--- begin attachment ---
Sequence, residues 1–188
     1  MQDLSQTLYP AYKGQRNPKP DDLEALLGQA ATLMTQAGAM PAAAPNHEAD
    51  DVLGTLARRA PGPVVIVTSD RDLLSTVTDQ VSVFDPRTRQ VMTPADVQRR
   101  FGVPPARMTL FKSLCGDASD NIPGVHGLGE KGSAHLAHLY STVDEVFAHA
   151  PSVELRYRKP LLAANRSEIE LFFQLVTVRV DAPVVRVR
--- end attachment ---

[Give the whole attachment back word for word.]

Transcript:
Sequence, residues 1–188
     1  MQDLSQTLYP AYKGQRNPKP DDLEALLGQA ATLMTQAGAM PAAAPNHEAD
    51  DVLGTLARRA PGPVVIVTSD RDLLSTVTDQ VSVFDPRTRQ VMTPADVQRR
   101  FGVPPARMTL FKSLCGDASD NIPGVHGLGE KGSAHLAHLY STVDEVFAHA
   151  PSVELRYRKP LLAANRSEIE LFFQLVTVRV DAPVVRVR